Up to that point I had felt like I was this weird, unattractive personality who had musical talent but nobody else was ever going to be interested in anything I did. You know, it was the poor, misunderstood genius thing – boohoo! Hahaha! But with the Gaga experience, everything was new and different. Re-launching Holocaust was now the most natural thing in the world and I just wanted to be on stage and perform and have fun and meet people and all of that. It was scary, however, just how quickly everything moved. I had been writing and recording an album with Scott Wallace and Mark McGrath since 2003 but I didn't think of it as a Holocaust album. It was more of a pure art project in essence. As soon as the three of us decided we would launch Holocaust again, (I mean the very next damn day!), I got the offer of singing "Heavy Metal Mania" and "Death Or Glory" at the Keep It True festival in Germany. The German band Roxxcalibur were doing a set of NWOBHM covers and had invited the original vocalists as surprise guests for that show. I remember waiting in the wings whilst the meister of ceremonies was doing his build up for me coming on and of being so aware at that moment of the difference Gaga had made in me. Previously, if I had been in the situation of going on in front of thousands of people with no guitar I would have kind of skulked out, trying to hide behind my hair and gone straight to shaking hands with the band members and then waving modestly to the crowd as if to say, "Oh – you're all TOO kind, I mean, I'm no big deal". But NOW! HAHAHA! I was like, "WHOOOOO", and – well I'll send you the pics! Those pics from Keep It True 2012 will always be iconic for me in representing the difference Gaga made in my life. I will be forever grateful to her, as will hundreds of thousands of others whom she has touched in unspeakably wonderful ways.
 

Do you see yourself using her showmanship in Holocaust shows? (Although I don't think wearing the meat dress would be a good idea)

The meat dress would not be a good idea only because she and her pals have already thought of it and done it. I see the whole thing about projecting persona and creating images in a completely new way now. It's an undisovered continent for me and I would rule nothing out. What limits me is money and contacts. Gaga had the same financial constraints in her early career and it has been fascinating reading her anecdotes about how she dealt with that. You ask about showmanship and there is no doubt that what one wears is a big part of that. As for attitude and contact with the audience, I don't imitate anything Gaga has done BUT I am definitely going through my own little revolution that way thanks to the effect her amazing work has had on me.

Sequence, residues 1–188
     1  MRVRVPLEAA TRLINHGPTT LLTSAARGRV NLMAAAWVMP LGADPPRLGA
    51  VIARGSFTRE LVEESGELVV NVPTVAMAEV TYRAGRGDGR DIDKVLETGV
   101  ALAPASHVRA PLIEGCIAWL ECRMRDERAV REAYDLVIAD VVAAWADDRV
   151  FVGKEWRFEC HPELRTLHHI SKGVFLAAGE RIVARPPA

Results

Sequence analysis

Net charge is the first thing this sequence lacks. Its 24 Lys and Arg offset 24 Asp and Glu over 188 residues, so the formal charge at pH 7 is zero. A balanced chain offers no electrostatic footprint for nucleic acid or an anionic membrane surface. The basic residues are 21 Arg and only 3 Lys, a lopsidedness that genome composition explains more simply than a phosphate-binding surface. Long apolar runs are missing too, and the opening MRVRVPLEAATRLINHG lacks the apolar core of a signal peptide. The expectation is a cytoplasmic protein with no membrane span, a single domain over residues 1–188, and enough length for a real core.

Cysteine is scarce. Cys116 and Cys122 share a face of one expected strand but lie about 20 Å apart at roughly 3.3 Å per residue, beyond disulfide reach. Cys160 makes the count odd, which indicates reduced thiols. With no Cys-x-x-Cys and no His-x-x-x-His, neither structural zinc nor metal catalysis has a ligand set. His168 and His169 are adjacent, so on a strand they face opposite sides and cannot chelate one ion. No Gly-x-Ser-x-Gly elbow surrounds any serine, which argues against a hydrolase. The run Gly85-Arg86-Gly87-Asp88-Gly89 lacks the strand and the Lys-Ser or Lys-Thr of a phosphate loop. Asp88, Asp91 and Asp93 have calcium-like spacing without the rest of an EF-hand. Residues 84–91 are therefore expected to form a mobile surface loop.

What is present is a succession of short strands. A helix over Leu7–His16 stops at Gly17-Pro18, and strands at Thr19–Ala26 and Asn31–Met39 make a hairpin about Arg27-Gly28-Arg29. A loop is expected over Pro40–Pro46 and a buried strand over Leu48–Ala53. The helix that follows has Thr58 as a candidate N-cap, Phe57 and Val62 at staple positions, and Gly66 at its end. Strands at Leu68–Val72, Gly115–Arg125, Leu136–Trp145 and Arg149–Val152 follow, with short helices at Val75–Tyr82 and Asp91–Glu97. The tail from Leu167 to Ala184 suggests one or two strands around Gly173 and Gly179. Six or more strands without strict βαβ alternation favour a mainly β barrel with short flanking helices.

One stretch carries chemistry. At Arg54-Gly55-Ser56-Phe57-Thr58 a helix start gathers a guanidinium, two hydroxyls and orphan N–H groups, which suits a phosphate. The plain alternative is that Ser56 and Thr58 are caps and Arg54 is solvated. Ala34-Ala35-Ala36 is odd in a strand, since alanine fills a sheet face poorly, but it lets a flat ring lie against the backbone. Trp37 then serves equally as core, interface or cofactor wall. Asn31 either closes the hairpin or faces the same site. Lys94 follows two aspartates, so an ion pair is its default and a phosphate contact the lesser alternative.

And finally – where on the web can people check you out? Any upcoming shows you want to plug?

At this time, unfortunately, the official website is not yet up and running but it won't be long. In the meantime there is the Holocaust The Band Facebook page (https://www.facebook.com/Holometal) and my own facebook page (https://www.facebook.com/john.mortimer.127).

It's been a very long time since Holocaust last played on the American continent, (we have only ever had 3 shows in the USA), but our first ever Canadian gig is happening in August as we headline the Wings Of Metal fest in Montreal. (https://www.facebook.com/WingsOfMetalFestival) That will be special, not only because it is the first time in Canada but also because we will be playing every single song from The Nightcomers album. In fact it will be the longest Holocaust set to date. There are 4 songs in that set that have not been played Live since 1981.

Any final words for Ripple Effect readers?

Love and Light.


--Rys

Monday, February 24, 2014

Ripple Editorial: Why I don't like The Beatles


We don't all have to like the same things. Not everyone likes the Beatles.

I will never understand why people get so bent out of shape when I say I don't like the music of the Beatles. "But the Beatles are the greatest group of all time!" they always scream. Says who? How come? And why should I care? This is music we're talking about, not sports. The Beatles have sold 600 million records. Does that make them the best? Madonna has sold about half that much. Does that mean she's half as good as the Beatles? There is no "best" when it comes to art. There are only two kinds of music - what you like and what you don't. I like a lot of the same music the Beatles were influenced by and a lot of music they influenced. I'm just not interested in their music. Is that so difficult to accept?